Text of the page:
Now that you’ve found a school you have to inspect the physical location itself. The physical location of the school or the equipment the school uses may not be tolerable to you once you actually see it. More than likely you are going to want to visit the school without your children, in the event that they may be anxious to begin training there and you determine that you are not comfortable with the school. A number of schools will allow you to view or even participate in a free class, to help you get a better appreciation of the teaching style and use of the facilities. Introducing your kids to the school should be done only after you are satisfied with the school, the style and the level of instruction that your kids will receive.

Other Tips:

Children can be more committed to the martial arts training if it becomes a family activity. To help your kids be more dedicated to physical activity outside of school you could consider signing yourself up for family martial arts classes.

Many schools emphasize discipline and respect for parents, instructors and elders. Practicing this respect at home may require your reinforcing its importance away from the school.

The history of the martial art and/or the club itself, the grand-master or the organizations the club is part of may be required learning at the school that your kids go to. Be sure to help your kids with some research into these aspects.

Paul Thibault is a fifth Dan Master in World Taekwondo Federation Taekwondo

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Beginning A Martial Art – Part 1

So you have made the big decision to join a martial arts school. you paid your membership fee, received your white belt & uniform and now you are ready to enter into a whole new world. This world is one where you are usually known by just your first name and for the most part the relationships you make in the dojo usually stay there. For your information the name “dojo” stands for and means the training facility.

It is a fact that the strange thing about many of your fellow students is that they aren’t even recognizable on the street with their regular street clothes and out of the dojo. Another thing that I found and it might just be me but when I have encountered many of the present or past fellow students on the street the conversations seemed short and strained a bit.

Why, I don’t know but it may have to do with the environment that you both know each other in and once out of it there may be a little to talk about when you encounter each other in the real world.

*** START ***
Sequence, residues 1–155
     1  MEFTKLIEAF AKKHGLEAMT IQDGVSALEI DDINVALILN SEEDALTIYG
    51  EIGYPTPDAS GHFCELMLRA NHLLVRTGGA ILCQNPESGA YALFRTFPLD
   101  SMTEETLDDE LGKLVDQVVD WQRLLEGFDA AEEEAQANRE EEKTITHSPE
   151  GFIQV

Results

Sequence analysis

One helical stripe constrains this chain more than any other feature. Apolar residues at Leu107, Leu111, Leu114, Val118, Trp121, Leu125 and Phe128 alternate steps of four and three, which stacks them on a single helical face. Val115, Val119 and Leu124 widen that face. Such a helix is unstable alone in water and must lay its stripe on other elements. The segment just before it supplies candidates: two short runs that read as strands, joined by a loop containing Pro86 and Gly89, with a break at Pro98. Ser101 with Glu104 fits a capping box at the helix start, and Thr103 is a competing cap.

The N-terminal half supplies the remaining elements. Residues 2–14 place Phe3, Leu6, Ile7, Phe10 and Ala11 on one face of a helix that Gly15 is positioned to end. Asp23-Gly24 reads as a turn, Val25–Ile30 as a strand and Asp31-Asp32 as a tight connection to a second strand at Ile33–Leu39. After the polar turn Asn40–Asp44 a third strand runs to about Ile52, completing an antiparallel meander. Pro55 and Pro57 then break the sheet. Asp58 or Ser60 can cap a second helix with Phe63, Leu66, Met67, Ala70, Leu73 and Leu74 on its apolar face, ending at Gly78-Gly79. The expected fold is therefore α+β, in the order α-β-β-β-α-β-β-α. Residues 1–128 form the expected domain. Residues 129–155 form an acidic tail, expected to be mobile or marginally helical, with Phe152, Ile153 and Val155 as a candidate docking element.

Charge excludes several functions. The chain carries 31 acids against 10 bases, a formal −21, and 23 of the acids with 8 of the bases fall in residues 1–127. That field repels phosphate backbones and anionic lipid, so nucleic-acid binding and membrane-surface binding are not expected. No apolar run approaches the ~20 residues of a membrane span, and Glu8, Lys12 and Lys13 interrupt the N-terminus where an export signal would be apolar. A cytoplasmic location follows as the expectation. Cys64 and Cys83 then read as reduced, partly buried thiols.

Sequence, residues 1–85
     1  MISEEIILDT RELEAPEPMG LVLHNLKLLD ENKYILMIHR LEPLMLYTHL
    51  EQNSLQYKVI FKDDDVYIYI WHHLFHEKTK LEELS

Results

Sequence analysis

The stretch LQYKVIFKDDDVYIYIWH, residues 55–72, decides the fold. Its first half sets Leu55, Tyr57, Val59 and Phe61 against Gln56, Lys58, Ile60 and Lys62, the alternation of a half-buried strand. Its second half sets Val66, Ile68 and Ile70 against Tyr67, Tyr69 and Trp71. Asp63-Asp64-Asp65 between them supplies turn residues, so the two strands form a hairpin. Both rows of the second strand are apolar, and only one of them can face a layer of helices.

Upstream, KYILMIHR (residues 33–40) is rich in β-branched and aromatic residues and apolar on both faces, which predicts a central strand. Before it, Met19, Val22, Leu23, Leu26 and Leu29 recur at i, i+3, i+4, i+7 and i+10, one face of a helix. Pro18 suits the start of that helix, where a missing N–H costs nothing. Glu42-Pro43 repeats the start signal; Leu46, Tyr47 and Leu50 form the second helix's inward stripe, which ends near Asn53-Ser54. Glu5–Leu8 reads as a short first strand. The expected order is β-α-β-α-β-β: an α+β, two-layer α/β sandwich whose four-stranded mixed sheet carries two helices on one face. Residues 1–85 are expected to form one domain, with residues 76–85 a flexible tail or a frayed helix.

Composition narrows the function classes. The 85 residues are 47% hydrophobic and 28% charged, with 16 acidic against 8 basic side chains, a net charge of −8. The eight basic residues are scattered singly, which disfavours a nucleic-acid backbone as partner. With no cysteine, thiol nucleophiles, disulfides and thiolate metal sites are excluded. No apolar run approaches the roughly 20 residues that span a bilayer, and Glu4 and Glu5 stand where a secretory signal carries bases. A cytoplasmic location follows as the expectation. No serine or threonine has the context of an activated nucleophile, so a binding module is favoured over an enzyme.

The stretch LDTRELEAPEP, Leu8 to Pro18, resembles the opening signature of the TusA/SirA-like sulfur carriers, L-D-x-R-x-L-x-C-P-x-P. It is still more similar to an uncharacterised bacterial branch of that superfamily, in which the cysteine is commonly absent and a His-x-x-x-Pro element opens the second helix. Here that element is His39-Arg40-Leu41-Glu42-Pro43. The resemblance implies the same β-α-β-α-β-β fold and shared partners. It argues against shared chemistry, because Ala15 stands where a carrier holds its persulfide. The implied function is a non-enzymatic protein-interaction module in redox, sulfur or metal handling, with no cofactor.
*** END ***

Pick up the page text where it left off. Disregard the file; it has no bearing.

The very first thing you need to do before you train is “leave your ego at the door”. It has no place in the dojo and it will definitely hamper your overall development. That being said you will also need to know the rules of the dojo, basic dojo etiquette, history of the martial art you are studying and have an open mind which is sometimes called the beginners mind.

Usually a senior student will be assigned to you to teach you how to tie your belt, bowing in & off the mat, bowing to your fellow students when training and also bowing in & out of class in a kneeling position. There are various differences in each school and in each particular style of martial art.

Some of the more formal classical styles will have a little more elaborate ceremony or rituals of sorts and I have even been to a school where Zen like statements began and ended the class. Interesting I must say!

Pay attention to what is being taught in the beginning because it is not too difficult to learn but does require that you stay focused which will help you throughout your training. The strange rituals that you initially learn will become so normal after a while it won’t even register that this may be pretty strange after all.

Basically all the bowing is a show of respect to the particular founder, the sensei, the school and to your fellow students. There are variations to bowing and what the hands are doing when bowing in different styles but whatever style the meaning is still the same, respect!

Obviously the gi or uniform that you wear is important since naked martial arts aren’t really too popular so keep it clean and wash it frequently. The first belt you receive will usually be a white belt so you’ll need to learn how to tie it. Practice at home how to make the special knot you are taught so you are not fumbling before class begins and after a short while it will become automatic.

An important point is to be punctual. If class starts at let’s say 7 PM then make it a your business to get there at least fifteen minutes early so that you can change into your gi and warm up on your own. It is disrespectful to come to the class late because it disrupts the rest of the class that is already in progress.

Occasionally it will happen and when it does you should kneel at the edge of the mat until the sensei acknowledges your presence and invites you onto the mat. Oh, I hope everyone knows to never walk onto the mat with street shoes on! This is a big no-no.